Library spend might be expected to fall with greater efficiencies and less reliance on printed books etc. They might also fall as a percentage if they lose out in the internal fight for resources. So a lot more analysis is needed as to whether this is a good or a bad thing.

The data are below ; interpretation and analysis I leave to others.

Spend by Institution on Library Services as % total institution spend

  2007 2008 2009 2010 2011
Athlone IoT  3.4  3.3  3.0  3.5  3.5
Cork IoT  1.6  1.6  1.9  1.8  2.3
DCU  3.2  3.0  3.0  3.1  2.9
Dublin IoT  5.3  5.1  5.3  4.9  5.2
Dun Laoghaire IADT  2.9  2.8  2.4  2.1  2.1
Dundalk IoT  2.4  3.0  3.0  3.0  3.7
Galway-Mayo IoT  4.4  4.0  4.2  4.1  3.7
IoT Blanchardstown  12.9  12.4  11.5  5.7  5.6
IoT Carlow  2.6  3.3  2.9  3.8  3.8
IoT Sligo  4.7  4.2  4.6  4.3  4.2
IoT Tallaght  6.5  6.4  6.5  6.3  6.6
IoT Tralee  5.6  4.9  5.0  5.3  5.5
Letterkenny IoT  2.4  2.3  2.4  2.4  2.6
Limerick IoT  4.8  4.8  5.1  5.0  5.3
NUIG  4.4  4.0  3.7  3.7  3.6
NUIM  5.3  4.5  4.3  4.1  4.1
TCD  5.5  5.2  5.1  5.2  5.0
UCC  3.6  3.4  3.2  3.3  3.5
UCD  4.0  4.1  3.5  3.8  3.2
UL  4.4  4.4  4.1  3.7  3.6
Waterford IoT  4.0  4.1  3.7  4.0  3.7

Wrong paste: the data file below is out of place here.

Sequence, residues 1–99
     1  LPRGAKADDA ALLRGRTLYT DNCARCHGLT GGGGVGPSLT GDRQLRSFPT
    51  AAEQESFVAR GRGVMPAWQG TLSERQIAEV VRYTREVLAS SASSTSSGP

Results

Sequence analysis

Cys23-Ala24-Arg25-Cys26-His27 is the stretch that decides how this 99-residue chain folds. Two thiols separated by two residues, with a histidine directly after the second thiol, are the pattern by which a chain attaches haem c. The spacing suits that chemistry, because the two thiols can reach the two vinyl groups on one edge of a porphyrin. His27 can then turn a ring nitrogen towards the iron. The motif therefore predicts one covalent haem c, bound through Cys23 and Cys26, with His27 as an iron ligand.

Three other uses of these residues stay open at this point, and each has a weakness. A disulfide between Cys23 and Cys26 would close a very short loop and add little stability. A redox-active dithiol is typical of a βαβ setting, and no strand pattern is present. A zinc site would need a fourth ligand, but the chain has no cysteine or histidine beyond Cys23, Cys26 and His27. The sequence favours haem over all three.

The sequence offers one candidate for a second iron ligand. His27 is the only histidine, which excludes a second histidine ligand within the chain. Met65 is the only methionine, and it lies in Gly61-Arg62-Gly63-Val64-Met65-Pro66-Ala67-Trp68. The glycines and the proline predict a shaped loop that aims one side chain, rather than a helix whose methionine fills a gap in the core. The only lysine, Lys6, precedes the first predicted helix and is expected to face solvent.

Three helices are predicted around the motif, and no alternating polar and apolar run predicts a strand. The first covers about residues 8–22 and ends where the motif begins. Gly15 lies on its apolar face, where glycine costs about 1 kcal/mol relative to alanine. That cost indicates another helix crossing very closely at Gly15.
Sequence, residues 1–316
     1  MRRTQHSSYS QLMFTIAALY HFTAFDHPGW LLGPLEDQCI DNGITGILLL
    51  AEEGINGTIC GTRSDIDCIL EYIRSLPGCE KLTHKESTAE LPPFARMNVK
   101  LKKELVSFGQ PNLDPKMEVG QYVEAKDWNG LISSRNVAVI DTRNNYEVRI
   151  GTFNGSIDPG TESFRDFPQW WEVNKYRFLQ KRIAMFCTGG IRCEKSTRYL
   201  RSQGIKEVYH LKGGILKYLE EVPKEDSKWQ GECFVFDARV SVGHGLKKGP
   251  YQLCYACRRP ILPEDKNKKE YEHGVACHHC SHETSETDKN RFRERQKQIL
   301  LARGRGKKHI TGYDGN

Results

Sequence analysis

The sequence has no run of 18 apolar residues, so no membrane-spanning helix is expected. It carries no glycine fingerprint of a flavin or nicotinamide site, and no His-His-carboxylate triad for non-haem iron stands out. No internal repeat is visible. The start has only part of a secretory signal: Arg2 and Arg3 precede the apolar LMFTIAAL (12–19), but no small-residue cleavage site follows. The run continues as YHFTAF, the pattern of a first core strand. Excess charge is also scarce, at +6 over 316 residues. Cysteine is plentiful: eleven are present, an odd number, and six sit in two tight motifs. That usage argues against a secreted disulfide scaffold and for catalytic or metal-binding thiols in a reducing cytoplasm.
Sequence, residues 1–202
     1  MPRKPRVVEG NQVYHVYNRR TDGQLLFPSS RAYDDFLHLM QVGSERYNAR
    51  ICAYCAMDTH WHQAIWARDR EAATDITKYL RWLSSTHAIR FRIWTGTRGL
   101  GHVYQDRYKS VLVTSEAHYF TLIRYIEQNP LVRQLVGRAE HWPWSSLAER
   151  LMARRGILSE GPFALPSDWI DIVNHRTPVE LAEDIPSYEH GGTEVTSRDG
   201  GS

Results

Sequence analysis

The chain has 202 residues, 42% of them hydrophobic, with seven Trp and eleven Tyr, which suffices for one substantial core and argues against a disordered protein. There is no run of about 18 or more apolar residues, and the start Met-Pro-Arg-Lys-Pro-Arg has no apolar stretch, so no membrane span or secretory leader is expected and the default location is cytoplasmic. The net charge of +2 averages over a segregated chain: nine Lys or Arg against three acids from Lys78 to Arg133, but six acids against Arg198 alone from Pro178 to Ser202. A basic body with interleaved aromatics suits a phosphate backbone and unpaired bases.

Spend by Institution on Library Services €000

  2007 2008 2009 2010 2011
Athlone IoT  €1,412  €1,470  €1,398  €1,520  €1,533
Cork IoT  €1,338  €1,450  €1,784  €1,686  €2,126
DCU  €2,659  €2,821  €2,825  €2,907  €2,597
Dublin IoT  €9,982  €10,245  €10,916  €9,274  €9,429
Dun Laoghaire IADT  €538  €545  €489  €424  €430
Dundalk IoT  €1,268  €1,366  €1,446  €1,415  €1,726
Galway-Mayo IoT  €2,722  €2,594  €2,707  €2,547  €2,222
IoT Blanchardstown  €2,338  €2,552  €2,527  €1,185  €1,135
IoT Carlow  €818  €1,079  €1,022  €1,282  €1,274
IoT Sligo  €1,741  €1,699  €1,912  €1,707  €1,723
IoT Tallaght  €2,136  €2,338  €2,486  €2,231  €2,260
IoT Tralee  €1,832  €1,706  €1,838  €1,818  €1,841
Letterkenny IoT  €697  €750  €796  €758  €808
Limerick IoT  €1,921  €2,216  €2,504  €2,305  €2,383
NUIG  €6,431  €6,637  €6,656  €6,482  €6,054
NUIM  €3,374  €3,105  €3,113  €3,005  €3,075